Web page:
Archive for the ‘September 2008’ Category


by Alex Wyatt


Lethe and Love

by Michelle Muenzler

Rose dipped her toes into the water. “It’s just a little forgetfulness. Enough to make me forget how long I’ve waited.” “But how do you know he’ll come?” asked the woman sitting beside her. She pushed back the gray hairs from her face; her hands had the crisp edges of the newly dead. Rose rememberedRead more…

The Rescues of Brittan Courvalais

by Tom Sheehan

It did not come with electricity or a smash of static on the air, but it was there. Brittan Courvalais, five minutes into the darkness of a new day, a streetlight’s glow falling through his window like a subtle visitor, was caught on the edge of his chair. Knowledge flowed to him, information of aRead more…

The Devil’s Temp

by Fred Warren

Bad things typically happened on Mondays at Plugin Services, and this day was no exception. With a flash of fire and a puff of brimstone, Chester found himself in Hell. He hadn’t even finished his first cup of coffee. Hell was an office, and the Devil was there, seated in a red leather chair behindRead more…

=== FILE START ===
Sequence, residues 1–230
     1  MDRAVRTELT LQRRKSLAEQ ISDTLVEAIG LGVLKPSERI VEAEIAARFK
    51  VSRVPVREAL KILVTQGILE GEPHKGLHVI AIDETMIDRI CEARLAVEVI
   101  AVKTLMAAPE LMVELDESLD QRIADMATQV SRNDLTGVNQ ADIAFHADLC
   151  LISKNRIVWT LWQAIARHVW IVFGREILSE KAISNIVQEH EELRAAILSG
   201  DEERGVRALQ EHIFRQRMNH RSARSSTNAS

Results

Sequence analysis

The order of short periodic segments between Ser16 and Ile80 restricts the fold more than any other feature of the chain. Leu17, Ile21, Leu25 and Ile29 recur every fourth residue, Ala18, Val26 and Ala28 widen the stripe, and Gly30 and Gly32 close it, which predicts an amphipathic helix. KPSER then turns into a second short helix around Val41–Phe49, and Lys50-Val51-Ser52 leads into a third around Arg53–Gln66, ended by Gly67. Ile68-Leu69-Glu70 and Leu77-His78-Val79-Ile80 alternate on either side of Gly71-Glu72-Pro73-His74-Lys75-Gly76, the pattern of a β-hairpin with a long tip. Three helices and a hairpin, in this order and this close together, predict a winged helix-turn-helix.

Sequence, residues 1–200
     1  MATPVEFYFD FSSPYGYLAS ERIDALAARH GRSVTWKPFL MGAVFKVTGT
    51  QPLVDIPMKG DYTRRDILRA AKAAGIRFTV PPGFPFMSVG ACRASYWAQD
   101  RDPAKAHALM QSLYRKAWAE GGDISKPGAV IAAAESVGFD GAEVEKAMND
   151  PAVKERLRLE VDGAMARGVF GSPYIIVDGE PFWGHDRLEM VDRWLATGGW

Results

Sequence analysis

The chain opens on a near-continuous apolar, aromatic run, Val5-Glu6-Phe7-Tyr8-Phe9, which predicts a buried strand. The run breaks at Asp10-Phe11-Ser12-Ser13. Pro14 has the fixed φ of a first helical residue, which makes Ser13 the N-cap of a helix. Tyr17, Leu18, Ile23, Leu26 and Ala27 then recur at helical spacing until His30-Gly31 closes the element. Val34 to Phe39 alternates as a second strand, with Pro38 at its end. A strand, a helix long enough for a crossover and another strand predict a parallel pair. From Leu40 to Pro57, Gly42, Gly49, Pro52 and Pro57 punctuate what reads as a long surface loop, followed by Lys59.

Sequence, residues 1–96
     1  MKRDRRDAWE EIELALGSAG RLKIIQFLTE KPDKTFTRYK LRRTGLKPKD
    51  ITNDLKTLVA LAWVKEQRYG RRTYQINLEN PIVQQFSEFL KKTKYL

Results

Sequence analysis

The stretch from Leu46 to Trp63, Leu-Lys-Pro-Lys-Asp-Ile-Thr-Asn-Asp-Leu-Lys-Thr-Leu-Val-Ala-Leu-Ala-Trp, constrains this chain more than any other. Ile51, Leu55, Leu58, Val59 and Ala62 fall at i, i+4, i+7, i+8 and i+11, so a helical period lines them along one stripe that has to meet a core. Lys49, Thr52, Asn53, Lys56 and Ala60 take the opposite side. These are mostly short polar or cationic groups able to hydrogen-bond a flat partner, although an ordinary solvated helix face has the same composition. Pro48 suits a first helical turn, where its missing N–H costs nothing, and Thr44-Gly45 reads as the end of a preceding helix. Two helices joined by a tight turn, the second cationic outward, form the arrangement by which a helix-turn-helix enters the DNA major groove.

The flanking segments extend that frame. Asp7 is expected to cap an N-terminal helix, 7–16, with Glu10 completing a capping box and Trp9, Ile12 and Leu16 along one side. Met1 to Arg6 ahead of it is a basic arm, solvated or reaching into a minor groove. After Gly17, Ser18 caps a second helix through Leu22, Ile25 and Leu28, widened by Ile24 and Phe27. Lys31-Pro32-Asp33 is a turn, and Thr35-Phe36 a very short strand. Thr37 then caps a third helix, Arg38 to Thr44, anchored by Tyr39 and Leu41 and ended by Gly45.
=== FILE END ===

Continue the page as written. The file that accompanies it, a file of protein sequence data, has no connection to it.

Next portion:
A Loser at Age Thirteen

by Annette Pasternak

I racked my brain for a title for this essay topic, “Who Am I?” I know you are big on titles Mrs. Kelley, so if you don’t like this one I thought of two alternates. So please if you are going to grade me down because of this one, I’ll tell you the others andRead more…

A Matter of Time

by D. B. Flynn

Craig was getting away with murder. All he had to do was cross the street. He spread his fingers and looked at the stopwatch. The countdown had started the second he walked out the back door of Forgiveness, Inc. He’d sold everything he owned to buy thirty minutes and a one way Transfer. The illegalRead more…

She Ugly

by Katie Karian

No father wants any man to look at his daughter the wrong way. Most fathers follow behind their daughters with fisted knuckles and glaring eyes, willing the first man to make the wrong move. And most fathers take precautions. My best friend Koharig never leaves her home without wearing a veil over her face andRead more…


by Kurt Kirchmeier

Anna-May stared down at her plate. It was square. It wasn’t supposed to be, she knew, but it was. So, for that matter, were her eggs, even the middle part, the part she always dipped her toast in. “Uh-oh,” she said, remembering the last time this happened. Her mother–her square-headed mother–paused from her breakfast dutiesRead more…